As COVID-19 continues to spread across the country and the implications of this pandemic are ever more far-reaching, perhaps no segment of the population will feel the stress more acutely than health care workers. Worker burnout is a serious concern, particularly in times of increased stress and anxiety.

What is worker burnout?
Worker burnout is a psychological term for the experience of long-term exhaustion and loss of interest in the workplace. It is often caused by expending too much effort at work and having too little recovery time.

For health care workers, particularly during a public health crisis, this can also lead to compassion fatigue, and loss of satisfaction in the lifesaving work they do.

In addition, research suggests that working more than 12 hours per day can increase risk of injury by 37 percent. Other side effects of worker burnout include decreased alertness and productivity, and increased risk of errors.

What can we do to combat worker burnout?
Managers play a key role in mitigating and managing worker burnout. A 2014 study conducted by Brigham Young University found that higher levels of manager engagement directly contributed to reducing burnout and increasing levels of compassion satisfaction.

Common sense precautions to fight worker burnout:

Sufficient rest: Managers should aim to allow their workers 10 consecutive hours away from work to ensure 7-8 hours of uninterrupted sleep.
Regular rest periods: Brief but frequent rest periods (10-15 minutes every 1-2 hours) are more effective against fatigue than fewer longer breaks, though longer breaks should be incorporated to allow for meals.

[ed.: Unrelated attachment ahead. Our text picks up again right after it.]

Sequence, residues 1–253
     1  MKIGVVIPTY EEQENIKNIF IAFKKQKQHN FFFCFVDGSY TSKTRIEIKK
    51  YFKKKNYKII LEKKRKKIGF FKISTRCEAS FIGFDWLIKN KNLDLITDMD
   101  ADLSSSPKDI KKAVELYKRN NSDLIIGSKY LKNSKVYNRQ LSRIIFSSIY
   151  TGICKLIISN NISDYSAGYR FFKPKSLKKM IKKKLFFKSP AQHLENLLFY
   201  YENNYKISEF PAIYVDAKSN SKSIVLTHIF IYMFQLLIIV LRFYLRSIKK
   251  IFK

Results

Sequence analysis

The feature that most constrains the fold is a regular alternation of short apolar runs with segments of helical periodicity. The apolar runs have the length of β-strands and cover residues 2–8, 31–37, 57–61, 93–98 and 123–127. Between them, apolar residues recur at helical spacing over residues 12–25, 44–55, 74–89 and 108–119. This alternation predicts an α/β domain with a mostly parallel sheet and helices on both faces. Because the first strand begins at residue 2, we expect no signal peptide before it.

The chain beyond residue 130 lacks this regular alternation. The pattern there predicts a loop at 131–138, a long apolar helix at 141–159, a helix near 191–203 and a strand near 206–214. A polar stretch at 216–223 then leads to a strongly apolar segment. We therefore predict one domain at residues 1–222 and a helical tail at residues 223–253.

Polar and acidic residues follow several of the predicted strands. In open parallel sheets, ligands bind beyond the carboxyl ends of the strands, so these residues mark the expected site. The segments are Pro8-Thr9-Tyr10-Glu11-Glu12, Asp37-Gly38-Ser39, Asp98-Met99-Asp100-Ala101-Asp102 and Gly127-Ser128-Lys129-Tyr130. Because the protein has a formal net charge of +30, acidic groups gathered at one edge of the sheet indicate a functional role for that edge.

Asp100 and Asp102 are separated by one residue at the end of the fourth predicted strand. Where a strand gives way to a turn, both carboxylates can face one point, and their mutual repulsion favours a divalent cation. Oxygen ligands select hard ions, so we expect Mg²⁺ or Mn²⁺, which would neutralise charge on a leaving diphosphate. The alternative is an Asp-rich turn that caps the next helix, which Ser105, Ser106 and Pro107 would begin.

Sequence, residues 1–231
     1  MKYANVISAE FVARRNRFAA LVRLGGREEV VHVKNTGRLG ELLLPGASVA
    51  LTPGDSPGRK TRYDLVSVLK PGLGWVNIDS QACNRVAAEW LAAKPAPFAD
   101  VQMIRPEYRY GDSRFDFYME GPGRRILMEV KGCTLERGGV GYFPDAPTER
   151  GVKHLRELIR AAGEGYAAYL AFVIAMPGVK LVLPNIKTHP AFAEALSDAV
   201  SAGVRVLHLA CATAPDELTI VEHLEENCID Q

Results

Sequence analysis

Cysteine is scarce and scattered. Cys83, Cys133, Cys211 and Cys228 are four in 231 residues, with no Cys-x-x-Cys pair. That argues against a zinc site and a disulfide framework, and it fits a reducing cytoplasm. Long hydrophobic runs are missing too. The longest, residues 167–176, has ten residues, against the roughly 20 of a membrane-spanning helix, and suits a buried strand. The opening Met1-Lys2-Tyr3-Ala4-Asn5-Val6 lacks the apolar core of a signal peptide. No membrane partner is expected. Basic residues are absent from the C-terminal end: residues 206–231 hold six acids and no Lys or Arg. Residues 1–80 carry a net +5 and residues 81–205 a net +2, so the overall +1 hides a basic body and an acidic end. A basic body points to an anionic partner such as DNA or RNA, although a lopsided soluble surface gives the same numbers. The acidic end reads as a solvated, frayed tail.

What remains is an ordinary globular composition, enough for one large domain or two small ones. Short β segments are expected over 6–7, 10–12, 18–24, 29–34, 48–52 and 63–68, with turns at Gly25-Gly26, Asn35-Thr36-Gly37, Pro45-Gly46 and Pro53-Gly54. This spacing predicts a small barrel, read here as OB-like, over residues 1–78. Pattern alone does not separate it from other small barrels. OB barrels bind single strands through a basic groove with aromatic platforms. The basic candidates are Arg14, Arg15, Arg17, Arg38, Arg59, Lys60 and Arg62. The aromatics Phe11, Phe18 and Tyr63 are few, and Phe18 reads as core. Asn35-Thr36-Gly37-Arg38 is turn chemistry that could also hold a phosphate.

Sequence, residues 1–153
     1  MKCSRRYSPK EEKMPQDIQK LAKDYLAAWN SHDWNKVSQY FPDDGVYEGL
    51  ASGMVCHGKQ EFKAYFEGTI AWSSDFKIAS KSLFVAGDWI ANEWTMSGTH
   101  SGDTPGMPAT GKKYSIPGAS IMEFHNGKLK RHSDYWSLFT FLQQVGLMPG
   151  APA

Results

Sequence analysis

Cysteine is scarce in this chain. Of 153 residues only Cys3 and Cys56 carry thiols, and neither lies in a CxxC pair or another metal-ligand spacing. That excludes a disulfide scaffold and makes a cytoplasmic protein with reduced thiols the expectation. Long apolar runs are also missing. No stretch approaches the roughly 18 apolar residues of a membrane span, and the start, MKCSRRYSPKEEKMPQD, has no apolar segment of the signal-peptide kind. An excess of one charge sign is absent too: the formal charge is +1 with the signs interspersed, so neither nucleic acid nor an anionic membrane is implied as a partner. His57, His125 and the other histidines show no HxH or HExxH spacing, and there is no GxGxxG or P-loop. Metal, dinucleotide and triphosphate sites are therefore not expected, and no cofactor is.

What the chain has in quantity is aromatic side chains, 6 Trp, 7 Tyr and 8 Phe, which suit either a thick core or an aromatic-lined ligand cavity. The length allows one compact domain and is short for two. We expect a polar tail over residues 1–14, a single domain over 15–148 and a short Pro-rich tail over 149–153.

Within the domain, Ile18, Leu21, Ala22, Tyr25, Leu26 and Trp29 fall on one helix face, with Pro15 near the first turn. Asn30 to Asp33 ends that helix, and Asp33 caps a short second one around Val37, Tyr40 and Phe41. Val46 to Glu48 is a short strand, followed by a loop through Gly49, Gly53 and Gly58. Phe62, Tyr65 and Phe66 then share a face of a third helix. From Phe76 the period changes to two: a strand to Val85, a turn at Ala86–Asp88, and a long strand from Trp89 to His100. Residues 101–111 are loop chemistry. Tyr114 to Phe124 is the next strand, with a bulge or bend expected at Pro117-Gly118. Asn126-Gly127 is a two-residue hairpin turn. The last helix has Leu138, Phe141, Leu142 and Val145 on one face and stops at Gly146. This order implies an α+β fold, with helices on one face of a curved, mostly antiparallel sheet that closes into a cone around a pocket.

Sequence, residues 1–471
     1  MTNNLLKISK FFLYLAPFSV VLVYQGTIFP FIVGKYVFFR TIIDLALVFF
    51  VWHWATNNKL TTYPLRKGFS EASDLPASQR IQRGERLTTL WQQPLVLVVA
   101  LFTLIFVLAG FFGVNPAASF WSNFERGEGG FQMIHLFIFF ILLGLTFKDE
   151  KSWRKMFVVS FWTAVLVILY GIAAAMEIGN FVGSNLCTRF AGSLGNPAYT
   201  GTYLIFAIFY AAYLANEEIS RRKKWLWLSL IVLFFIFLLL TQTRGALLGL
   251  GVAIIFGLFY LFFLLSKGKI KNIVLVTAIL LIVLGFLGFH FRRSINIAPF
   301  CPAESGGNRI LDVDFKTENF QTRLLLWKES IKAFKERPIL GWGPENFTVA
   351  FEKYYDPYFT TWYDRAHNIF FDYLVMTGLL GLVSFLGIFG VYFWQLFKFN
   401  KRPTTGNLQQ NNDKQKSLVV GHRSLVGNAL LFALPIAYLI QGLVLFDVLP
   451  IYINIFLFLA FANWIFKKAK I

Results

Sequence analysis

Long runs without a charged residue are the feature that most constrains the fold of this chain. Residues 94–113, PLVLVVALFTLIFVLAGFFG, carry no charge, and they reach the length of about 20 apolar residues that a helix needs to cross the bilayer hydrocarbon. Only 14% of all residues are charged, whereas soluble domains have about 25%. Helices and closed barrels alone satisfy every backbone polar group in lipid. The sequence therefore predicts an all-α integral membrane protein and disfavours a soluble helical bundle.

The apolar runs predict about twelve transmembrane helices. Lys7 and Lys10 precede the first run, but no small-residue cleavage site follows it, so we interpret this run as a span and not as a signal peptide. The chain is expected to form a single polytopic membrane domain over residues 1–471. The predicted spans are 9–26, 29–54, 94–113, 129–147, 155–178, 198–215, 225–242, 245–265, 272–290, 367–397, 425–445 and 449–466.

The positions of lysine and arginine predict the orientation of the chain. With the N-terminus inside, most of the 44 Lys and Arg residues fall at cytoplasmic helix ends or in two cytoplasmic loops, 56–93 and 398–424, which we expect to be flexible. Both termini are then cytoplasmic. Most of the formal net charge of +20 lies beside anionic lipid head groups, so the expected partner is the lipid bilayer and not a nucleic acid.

Proper nutrition and exercise: Be sure to take time to get moderate exercise and eat full meals to keep energy levels up.
Role-modeling: By practicing self-care, workers give their colleagues permission to do the same without feeling guilty, which benefits team morale.
Employ the buddy system: Identify a colleague to be an accountability partner and check in with each other frequently for mental state and self-care techniques.
Good communication: Regular information sharing among teams and the organization helps reduce worker stress and allows them to feel more in control.

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Article by: UofL Physicians

UofL Physicians is the largest, multi-specialty physician practice in the Louisville area, serving Shepherdsville, Shelbyville and beyond. This means The Power of U is in YOUR community. As the clinical practice arm of UofL Health, we offer more than 80 sub-specialties from more than 700 primary care and specialty providers, treating patients of all ages. Many of our physicians are also professors and researchers at the University of Louisville School of Medicine, teaching tomorrow’s physicians, leading research in new innovative medical advancements and bringing progressive, innovative, state-of-the-art health care to every patient.

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